Southern California has some of best weather in the United States. Its never too hot or too cold, just right. It doesnt rain a lot here either, but when it does, it rains cats and dogs. At the begining of this year we had rains non-stop for almost 3 weeks. I was lucky to have escaped that because I happened to be on vacation in warm (rather hot) India! Well... the rains seem to have come back again, its been pouring, almost non-stop, for the last 3 days. With rains, come colds and sneezing, which brings me to my topic. Why is it (or has it become) customary for people to say "bless you" when someone nearby sneezes?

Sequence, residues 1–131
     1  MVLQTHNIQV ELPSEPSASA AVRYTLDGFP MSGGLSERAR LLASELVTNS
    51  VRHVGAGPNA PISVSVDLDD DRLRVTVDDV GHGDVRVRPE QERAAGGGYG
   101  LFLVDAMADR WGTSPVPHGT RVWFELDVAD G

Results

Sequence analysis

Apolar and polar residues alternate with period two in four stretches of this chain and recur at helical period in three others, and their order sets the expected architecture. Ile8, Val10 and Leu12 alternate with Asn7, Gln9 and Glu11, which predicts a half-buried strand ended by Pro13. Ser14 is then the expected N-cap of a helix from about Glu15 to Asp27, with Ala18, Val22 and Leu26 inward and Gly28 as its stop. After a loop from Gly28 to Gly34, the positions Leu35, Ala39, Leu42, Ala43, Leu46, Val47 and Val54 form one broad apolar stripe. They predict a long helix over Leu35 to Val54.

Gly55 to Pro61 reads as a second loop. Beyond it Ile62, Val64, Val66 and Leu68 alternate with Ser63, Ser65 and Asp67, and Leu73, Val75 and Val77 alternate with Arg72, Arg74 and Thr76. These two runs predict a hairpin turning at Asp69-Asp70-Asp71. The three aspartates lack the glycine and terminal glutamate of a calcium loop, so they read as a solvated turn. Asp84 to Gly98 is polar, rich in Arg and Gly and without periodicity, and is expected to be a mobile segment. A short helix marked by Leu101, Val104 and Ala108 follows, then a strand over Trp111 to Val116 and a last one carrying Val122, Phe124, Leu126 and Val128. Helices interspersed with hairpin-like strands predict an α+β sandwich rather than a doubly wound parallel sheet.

Some research into this revealed various theories, ranging from the rather ridiculous "Your soul leaves your body when you sneeze" (and has nowhere else to go, so returns? ;-) ) to the seemingly scientific "your heart stops when you sneeze". But the one that I felt was the most convincing states that it all may have started as early as 150 AD. And predictably, back then it wasnt just out of etiquette of thoughts, but rather due to a serious illness that many Romans died from. One of the symptoms of this illness, as you may have guessed, was sneezing. Over the years, saying "bless you" became a way of wishing a person well or good health. And now it seems to have totally become common courtesy (like saying "thank you" or "you're welcome").
Well... isnt' it a lil' ironic that the more a person has been blessed... the more he has sneezed in life!!